Irene Jacob (“Three Colours: Red”), a critically acclaimed film and theater actor, is set to preside over the Lumière Institute in Lyon, succeeding to Bertrand Tavernier, the revered French filmmaker who died in March.
Tavernier led the institution for nearly four decades and worked closely with Thierry Fremaux, the Lumière Institute’s managing director, and Cannes Film Festival’s general delegate, to host the annual Lumière festival, a star-studded celebration of heritage films and cinema masters. Lyon is actually the birthplace of the Cinematograph and its creators, the Lumiere brothers.
Kicking off on Oct. 9, the event’s 13th edition will pay homage to Tavernier with a special tribute on Oct. 10.
Jacob, who is originally from Switzerland, is the granddaughter of Maurice Jacob, a scientist and humanist who lived in Lyon all his life and has a street named after him in the city. A passionate film buff, Jacob has been involved with the Lumière festival since its inception, introducing films and meeting moviegoers in cinemas and hospitals, among other places.
“Helping guide the future of the Lumière Institute in a city I love is an exciting and inspiring mission”, said Jacob, who was unanimously elected by the Board of Directors of the Lumière Institute at its meeting on Sept. 30.
“Very touched and well-aware of the honour that has been bestowed upon me, I will do all I can to live up to this commitment,” said Jacob, adding that she also had an “immense consideration for Bertrand Tavernier, whose work at the head of the Institute has been significant.”
Jacob won the prestigious best actress prize at Cannes in 1991 for her part in Krzysztof Kieslowski’s “The Double Life of Véronique.” Kieslowski also directed Jacob in “Three Colours: Red,” one of her best-known films, along with Louis Malle’s “Au revoir les enfants” which marked her debut.
Besides Kieslowski and Malle, Jacob has worked with a flurry of French and international auteurs, including Michelangelo Antonioni, Wim Wenders, Theo Angelopoulos, Agnieszka Holland, Paul Auster, Jonathan Nossiter and Hugh Hudson. She has also worked Nadine Trintignant, Claude Lelouch, Serge Le Péron, Pascal Thomas, Riad Sattouf and Jacques Deray. The prolific talent has also acted in many plays, most recently “Retour à Reims, directed by Thomas Ostermeier and adapted Didier Eribon’s essay.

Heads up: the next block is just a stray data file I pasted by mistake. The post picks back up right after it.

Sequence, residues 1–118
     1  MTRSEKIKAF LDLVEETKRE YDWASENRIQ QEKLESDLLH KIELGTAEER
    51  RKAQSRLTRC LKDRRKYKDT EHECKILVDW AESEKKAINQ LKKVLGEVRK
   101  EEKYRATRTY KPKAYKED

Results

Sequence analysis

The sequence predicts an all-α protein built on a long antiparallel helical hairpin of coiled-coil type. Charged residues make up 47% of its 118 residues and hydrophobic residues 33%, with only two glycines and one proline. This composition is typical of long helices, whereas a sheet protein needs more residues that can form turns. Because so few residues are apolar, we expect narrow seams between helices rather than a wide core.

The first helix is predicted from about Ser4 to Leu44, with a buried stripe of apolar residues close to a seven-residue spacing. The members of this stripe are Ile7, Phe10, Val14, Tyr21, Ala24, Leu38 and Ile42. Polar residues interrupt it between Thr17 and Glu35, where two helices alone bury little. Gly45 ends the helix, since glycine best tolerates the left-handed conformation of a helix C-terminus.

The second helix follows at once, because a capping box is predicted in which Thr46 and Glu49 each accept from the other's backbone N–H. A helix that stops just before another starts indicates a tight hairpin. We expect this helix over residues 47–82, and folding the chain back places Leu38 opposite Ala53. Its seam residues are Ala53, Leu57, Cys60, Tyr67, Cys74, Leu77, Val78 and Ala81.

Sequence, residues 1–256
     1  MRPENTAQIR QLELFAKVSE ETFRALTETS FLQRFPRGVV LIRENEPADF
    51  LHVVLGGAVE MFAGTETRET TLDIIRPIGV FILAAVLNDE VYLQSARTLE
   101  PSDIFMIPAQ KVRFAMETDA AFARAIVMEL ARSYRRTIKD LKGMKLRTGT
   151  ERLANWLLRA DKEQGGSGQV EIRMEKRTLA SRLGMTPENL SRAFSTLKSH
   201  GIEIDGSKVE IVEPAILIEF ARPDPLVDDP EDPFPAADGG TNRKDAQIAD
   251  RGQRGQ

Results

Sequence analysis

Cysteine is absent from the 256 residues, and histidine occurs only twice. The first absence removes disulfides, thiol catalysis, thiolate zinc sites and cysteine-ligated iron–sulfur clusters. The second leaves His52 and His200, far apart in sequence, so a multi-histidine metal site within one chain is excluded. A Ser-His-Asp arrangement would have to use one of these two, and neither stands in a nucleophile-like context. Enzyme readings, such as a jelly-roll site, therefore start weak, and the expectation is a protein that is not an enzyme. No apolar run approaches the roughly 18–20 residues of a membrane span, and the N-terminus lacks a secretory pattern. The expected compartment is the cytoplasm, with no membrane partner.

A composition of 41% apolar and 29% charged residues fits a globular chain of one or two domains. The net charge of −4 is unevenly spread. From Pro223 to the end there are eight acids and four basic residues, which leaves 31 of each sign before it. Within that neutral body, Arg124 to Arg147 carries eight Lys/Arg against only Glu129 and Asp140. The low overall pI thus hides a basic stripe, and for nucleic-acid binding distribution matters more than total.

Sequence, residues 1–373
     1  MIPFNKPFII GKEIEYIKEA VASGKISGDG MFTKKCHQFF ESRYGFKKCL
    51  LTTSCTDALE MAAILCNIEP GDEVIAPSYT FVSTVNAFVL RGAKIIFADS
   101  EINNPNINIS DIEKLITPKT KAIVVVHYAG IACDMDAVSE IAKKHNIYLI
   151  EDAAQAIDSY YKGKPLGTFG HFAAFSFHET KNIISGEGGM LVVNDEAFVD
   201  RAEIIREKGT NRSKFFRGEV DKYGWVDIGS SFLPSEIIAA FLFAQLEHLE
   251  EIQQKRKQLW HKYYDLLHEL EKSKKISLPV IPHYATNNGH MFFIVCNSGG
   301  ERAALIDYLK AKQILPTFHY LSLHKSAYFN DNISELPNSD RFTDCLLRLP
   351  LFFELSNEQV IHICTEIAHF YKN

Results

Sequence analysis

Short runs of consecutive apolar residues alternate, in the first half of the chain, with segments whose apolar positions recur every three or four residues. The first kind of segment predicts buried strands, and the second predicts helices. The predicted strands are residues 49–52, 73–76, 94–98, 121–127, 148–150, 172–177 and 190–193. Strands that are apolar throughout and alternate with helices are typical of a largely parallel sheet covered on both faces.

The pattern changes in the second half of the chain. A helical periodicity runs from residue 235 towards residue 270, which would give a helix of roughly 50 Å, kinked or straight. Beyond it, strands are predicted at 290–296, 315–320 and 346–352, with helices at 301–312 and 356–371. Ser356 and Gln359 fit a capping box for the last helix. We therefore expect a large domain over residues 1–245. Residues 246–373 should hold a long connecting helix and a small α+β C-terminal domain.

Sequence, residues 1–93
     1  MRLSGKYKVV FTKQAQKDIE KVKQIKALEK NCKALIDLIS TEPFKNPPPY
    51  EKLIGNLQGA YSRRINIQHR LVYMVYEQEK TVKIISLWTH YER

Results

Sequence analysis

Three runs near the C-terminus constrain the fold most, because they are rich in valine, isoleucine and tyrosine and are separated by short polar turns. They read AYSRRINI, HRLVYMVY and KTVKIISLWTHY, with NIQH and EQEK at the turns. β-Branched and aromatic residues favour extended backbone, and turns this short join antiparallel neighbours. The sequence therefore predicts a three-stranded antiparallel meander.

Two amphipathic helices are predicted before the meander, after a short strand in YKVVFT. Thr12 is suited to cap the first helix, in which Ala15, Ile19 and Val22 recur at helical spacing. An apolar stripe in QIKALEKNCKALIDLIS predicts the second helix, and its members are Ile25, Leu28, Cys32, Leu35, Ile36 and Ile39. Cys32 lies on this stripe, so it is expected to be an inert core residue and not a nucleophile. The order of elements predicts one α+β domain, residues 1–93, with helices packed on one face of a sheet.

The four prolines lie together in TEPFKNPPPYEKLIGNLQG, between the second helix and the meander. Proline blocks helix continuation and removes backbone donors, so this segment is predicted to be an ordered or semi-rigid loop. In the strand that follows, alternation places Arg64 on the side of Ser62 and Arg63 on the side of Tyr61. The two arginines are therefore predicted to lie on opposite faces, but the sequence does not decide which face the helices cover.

At the head of the Lumiere Institute, Jacob will continue to “ensure the existence of a public place that preserves and honours the history of cinema,” spearhead the programming of classics, heritage conservation and promotion, publishing and image education, said the Institute. She will also lead the Board of Directors.
Along with the special tribute honoring Tavernier’s legacy, the anticipated highlights of this 13th edition include the Oct. 15 celebration of Jane Campion who will receive the honorary Lumière Award, following the footsteps of Martin Scorsese, Clint Eastwood and Quentin Tarantino, among others.
Campion’s latest film “The Power of the Dog,” will also have its French world premiere at the festival. A Netflix movie, “The Power of the Dog” will not be released in theaters in France. Another high-profile Netflix film which opened at Venice and will have its French premiere at the Lumiere fest is Paolo Sorrentino’s “Hand of God.”
Several other films which played at Cannes and Venice will play in Lyon, notably Catherine Corsini ‘s “La Fracture,” Joachim Trier’s “The Worst Person in the World,” Todd Haynes’s “The Velvet Underground,” Gaspar Noé’s “Vortex,” and Maggie Gyllenhaal’s “The Lost Daughter.” Other French premieres slated for the Lumiere festival include Clint Eastwood’s “Cry Macho.”